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Chapter Seven


The last two chapters may have laid me open to the accusation of seeing the motes in my brother's eye; rather than the beam in my own. I will therefore begin this chapter by admitting that, in examining the shortcomings of the laity before the Council, I have often had myself in mind as much as my fellow Catholics as I then knew them.

Taking the laity as a whole, we can, I think, for the purposes of our inquiry, divide them into four groups. I will call them the happy, the frightened, the law-abiding and the discontented.

Again I am dealing with types and tendencies, not individuals, and again I am leaving out the outstandingly good and holy. They always exist in the Church. They are one of the marks by which men can recognise her for what she is. Though their numbers go up and down from period to period and place to place, it is largely by their prayers and selflessness that the rest of us are kept spiritually afloat.

Starting with type one, then, we can say that the happy laity, believing and devout, like the happy clergy, loved their religion and enjoyed it. They saw the Church as a family (which it is), they believed that all the Church's teachings were true (which they are), and they welcomed every authorised practice (as was fitting they should). All this was good.

Less good was the fact that in not a few of them happiness often seems to have bred a kind of cosy contentment. It is possible for people to get a purely natural enjoyment out of religion. When that is so, religion comes to be loved more for the comfort and satisfaction it gives than because it expresses the mind and will of God, which may require something different. The disturbance of spiritual comfort, I think, explains at least some of the opposition to liturgical and other change.

The Church was also seen too much as "ours", something for "us". It was delightful if outsiders asked to come in, and they were usually, though not always, warmly welcomed. But there was not much effort to take the initiative and personally invite them to come in. After all, if people felt attracted to the Church, they could always ring the presbytery doorbell.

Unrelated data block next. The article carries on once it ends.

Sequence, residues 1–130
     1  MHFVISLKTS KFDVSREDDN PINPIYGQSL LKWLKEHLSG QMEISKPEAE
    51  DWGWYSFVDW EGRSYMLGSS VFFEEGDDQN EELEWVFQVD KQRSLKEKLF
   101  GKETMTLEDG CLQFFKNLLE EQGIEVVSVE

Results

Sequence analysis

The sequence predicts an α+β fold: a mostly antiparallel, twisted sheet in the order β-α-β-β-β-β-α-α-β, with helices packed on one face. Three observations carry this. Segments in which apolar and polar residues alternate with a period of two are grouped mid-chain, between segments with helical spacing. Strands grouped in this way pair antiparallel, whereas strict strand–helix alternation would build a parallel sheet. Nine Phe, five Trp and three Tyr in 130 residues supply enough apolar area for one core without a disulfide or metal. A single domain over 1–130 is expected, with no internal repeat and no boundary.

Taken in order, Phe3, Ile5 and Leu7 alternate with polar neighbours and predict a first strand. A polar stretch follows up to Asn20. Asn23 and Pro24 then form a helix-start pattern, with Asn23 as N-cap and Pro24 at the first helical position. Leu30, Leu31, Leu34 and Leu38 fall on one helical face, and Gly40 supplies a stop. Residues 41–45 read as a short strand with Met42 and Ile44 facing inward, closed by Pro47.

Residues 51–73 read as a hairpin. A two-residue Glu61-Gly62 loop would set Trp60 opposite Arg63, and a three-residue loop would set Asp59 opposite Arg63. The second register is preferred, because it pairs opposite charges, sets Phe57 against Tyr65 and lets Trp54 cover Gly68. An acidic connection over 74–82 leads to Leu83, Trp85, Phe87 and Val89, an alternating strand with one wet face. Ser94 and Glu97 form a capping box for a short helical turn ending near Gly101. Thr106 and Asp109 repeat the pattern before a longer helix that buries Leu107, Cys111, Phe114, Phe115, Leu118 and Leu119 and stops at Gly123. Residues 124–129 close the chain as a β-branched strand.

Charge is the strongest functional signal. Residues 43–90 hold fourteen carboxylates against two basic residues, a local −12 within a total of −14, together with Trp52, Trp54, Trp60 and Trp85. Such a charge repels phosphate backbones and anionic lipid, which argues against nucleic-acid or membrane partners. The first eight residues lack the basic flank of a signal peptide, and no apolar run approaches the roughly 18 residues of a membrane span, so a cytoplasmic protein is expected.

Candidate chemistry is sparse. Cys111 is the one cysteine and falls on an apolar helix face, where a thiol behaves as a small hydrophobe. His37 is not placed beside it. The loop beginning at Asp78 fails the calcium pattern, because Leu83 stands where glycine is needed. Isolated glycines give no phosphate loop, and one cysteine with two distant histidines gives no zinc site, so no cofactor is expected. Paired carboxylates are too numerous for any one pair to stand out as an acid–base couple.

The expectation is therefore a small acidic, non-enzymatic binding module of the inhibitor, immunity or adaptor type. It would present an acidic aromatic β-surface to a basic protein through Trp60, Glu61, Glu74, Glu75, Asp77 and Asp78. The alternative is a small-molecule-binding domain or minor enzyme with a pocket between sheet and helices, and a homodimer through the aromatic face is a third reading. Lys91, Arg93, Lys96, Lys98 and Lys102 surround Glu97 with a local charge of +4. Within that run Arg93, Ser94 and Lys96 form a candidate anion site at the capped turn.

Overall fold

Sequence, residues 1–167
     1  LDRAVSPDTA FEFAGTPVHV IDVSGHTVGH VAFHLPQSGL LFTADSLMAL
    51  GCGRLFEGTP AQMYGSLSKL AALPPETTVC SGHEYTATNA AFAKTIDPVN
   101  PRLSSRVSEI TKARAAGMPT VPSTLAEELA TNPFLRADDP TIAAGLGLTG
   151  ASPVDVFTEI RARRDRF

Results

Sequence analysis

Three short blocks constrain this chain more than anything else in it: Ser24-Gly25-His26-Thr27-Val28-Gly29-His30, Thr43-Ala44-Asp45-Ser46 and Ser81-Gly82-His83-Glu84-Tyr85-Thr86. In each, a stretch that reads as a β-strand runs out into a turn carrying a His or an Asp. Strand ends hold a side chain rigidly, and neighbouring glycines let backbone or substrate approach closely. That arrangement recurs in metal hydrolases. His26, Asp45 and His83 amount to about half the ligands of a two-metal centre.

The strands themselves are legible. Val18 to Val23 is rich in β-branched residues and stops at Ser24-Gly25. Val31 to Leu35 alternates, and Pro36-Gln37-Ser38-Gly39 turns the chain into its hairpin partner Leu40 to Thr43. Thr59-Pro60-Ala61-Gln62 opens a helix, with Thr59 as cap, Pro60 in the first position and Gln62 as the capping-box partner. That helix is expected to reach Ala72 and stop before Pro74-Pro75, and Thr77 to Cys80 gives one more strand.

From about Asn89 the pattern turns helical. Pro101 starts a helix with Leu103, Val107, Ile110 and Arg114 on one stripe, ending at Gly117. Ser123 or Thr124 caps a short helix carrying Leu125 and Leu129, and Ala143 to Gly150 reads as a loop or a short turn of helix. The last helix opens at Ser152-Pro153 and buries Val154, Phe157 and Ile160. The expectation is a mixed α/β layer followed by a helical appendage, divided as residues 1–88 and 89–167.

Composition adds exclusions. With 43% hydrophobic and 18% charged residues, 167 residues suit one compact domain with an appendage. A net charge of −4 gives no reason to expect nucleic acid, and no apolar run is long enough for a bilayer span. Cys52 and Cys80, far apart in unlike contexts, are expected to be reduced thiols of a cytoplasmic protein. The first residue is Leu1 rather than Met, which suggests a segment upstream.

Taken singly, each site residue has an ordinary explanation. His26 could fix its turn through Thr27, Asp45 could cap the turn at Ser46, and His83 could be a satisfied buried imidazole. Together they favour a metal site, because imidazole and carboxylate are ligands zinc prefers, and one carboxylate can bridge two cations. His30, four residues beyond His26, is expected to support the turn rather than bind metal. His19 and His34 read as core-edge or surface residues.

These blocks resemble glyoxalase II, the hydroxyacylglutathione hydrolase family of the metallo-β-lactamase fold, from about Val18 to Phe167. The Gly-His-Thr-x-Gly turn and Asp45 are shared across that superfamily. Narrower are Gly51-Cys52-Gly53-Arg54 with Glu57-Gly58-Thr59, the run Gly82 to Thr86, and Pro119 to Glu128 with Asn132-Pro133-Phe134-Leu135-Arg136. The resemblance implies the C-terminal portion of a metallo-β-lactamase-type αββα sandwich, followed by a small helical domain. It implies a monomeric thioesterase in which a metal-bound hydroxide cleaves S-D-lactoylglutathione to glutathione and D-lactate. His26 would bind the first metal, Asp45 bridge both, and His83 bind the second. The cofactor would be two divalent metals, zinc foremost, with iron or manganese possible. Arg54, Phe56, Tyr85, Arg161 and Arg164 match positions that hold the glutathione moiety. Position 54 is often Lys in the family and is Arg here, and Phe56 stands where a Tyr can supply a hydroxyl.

This attitude, among priests, produced what could be called the "chaplain  mentality". The chaplain exists to satisfy the spiritual needs of a family. When he has fulfilled those duties, he can, with a quiet conscience (supposedly), put his feet up and read a thriller. The chaplain mentality, like cosy contentment, saps the missionary spirit and strangles the evangelist.

When cosy contentment went a stage further, the Church and the faith tended to become confined with something not quite identical — the local Catholic way of life This embraced a whole lot of things from the feasts and ceremonies of the Church to the way the parish fete had always been run. It was "what we are all accustomed to", and contained, in addition to essentials, elements that are changeable and others (like the Christmas tree) not necessarily Catholic.

In its aggravated form, attachment to the "Catholic way of life" turned into a kind of "Catholic nationalism" which bred belligerent priests and lay­men, who sometimes mistook belligerence for apostolic zeal, and confined attachment to the Catholic way of life with love of the Church. It is not always easy to see the difference. "They", the non-Catholics, from being regarded with benevolent unconcern, were then seen more as a threat. Catholics must keep up a united front in face of "them" — Protestants, Freemasons, Jews, or whoever "they" might be. Anyone who let down the side in front of "them" was a "dirty no-good Catholic".